Clin Endosc > Volume 46(3); 2013 > Article
Hong, Cho, Kim, Chun, Shim, Bok, Um, and Lee: Gastric Schwannoma Diagnosed by Endoscopic Ultrasonography-Guided Trucut Biopsy


Schwannomas of the gastrointestinal (GI) tract are rare subepithelial tumors comprising approximately 3.3% to 12.8% of all mesenchymal tumors of the GI tract. On endoscopic ultrasound (EUS) they are seen as hypoechoic tumors arising most commonly from the 4th proper muscle layer. Although EUS helps to distinguish tumor characteristics, tissue sampling is required for differentiation with other more common tumors such as GI stromal tumors. Both EUS-guided fine needle aspiration and EUS-guided trucut biopsy (EUS-TCB) can be used for tissue sampling. However, only EUS-TCB allows core biopsy and a high yield of immunohistochemical staining. We report a case of a gastric schwannoma diagnosed by EUS-TCB.


Schwannoma of the gastrointestinal (GI) tract is considered to be a rare and distinctively different neoplasm from conventional schwannomas that arise in soft tissue or the central nervous system. Histologically, GI schwannomas are S-100 protein-positive spindle cell tumors with a microtrabecular pattern, peripheral lymphoid cuffing, and occasional germinal centers.1 They are benign tumors associated with an excellent prognosis after surgical resection as reported by Daimaru et al.2 GI schwannomas occur most commonly in the stomach (60% to 70% of cases), followed by the colon and rectum.1 Esophageal and small intestinal schwannomas have been rarely reported.2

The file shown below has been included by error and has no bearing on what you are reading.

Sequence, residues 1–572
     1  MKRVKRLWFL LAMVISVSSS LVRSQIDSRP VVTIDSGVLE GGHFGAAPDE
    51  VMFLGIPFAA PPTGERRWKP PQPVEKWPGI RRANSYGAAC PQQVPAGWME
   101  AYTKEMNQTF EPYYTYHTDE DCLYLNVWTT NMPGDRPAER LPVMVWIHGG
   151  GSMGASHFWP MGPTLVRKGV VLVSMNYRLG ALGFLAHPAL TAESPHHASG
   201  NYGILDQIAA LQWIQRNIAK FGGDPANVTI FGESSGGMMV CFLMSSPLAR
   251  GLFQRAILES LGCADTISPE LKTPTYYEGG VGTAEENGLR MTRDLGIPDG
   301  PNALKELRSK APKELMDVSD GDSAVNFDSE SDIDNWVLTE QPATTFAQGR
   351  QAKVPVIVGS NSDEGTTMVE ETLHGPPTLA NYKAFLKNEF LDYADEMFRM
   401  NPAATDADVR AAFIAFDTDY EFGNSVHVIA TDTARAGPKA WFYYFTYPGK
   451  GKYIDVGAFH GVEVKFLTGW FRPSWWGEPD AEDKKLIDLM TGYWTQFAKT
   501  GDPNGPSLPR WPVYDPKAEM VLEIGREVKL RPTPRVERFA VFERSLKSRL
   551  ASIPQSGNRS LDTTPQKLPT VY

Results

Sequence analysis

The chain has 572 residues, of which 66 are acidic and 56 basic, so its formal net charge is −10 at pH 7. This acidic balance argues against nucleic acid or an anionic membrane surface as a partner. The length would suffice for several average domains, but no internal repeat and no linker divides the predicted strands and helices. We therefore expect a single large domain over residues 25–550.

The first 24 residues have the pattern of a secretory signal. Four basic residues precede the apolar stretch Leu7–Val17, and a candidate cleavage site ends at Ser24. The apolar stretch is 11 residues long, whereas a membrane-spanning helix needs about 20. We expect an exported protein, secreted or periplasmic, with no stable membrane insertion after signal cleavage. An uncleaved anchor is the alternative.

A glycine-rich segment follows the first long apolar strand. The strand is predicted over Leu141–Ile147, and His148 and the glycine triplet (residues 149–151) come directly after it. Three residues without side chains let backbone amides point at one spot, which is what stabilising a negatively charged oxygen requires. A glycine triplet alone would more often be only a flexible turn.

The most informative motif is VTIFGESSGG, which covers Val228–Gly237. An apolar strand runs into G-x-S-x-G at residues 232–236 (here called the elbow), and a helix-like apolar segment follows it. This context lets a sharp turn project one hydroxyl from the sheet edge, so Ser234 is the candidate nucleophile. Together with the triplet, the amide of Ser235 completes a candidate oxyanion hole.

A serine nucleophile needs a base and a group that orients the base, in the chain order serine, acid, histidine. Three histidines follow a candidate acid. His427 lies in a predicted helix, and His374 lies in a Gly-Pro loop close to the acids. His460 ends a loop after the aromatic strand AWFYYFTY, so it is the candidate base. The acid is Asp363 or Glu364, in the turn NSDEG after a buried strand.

Endoscopic ultrasound (EUS)-guided biopsies are reliable, safe, and effective techniques in obtaining samples for cytological or histological examinations either as a primary procedure or in cases that other biopsy techniques have failed. EUS-guided fine needle aspiration biopsy (EUS-FNA), as well as EUS-guided Trucut biopsy (EUS-TCB), has been proven to be of significant value in the diagnostic evaluation of benign and malignant diseases, as well as in staging of the malignant tumors of the GI tract and of adjacent organs.3 This is a very rare case report of gastric schwannoma diagnosed by EUS-TCB to our knowledge.